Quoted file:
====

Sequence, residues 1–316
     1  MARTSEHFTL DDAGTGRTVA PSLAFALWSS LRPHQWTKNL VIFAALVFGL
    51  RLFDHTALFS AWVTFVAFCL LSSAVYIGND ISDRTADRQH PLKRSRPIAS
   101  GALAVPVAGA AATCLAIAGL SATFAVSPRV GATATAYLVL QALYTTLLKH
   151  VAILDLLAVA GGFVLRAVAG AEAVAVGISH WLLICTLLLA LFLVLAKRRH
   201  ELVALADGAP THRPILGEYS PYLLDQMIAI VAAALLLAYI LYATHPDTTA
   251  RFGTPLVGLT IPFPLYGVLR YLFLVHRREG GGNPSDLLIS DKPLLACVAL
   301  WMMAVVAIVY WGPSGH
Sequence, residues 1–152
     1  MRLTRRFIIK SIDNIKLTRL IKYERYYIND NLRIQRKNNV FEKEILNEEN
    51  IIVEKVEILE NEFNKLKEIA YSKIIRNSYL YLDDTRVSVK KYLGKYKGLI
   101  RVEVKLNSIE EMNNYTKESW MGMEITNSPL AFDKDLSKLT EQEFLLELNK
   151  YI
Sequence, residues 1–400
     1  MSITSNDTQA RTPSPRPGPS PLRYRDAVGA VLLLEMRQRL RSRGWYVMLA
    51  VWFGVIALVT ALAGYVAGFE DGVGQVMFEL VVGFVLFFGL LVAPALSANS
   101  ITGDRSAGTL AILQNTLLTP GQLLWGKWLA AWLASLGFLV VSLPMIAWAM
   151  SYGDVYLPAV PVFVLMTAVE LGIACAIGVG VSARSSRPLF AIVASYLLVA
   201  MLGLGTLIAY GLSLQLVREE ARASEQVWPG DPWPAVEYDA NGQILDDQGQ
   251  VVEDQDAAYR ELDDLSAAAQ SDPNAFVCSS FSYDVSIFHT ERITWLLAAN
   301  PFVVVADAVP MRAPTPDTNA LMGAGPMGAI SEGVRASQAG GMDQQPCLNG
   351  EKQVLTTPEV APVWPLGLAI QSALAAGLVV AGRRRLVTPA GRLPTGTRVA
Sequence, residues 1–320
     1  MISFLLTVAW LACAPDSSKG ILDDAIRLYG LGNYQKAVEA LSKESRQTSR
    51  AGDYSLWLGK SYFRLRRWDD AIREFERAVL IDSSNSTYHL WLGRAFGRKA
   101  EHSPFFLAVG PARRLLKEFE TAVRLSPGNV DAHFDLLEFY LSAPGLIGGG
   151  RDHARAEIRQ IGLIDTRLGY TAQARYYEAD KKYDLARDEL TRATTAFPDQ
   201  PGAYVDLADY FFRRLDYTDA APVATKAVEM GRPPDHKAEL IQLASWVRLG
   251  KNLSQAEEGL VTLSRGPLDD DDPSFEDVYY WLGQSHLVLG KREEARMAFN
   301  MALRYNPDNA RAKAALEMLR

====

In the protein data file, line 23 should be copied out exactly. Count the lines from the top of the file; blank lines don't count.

Sequence, residues 1–320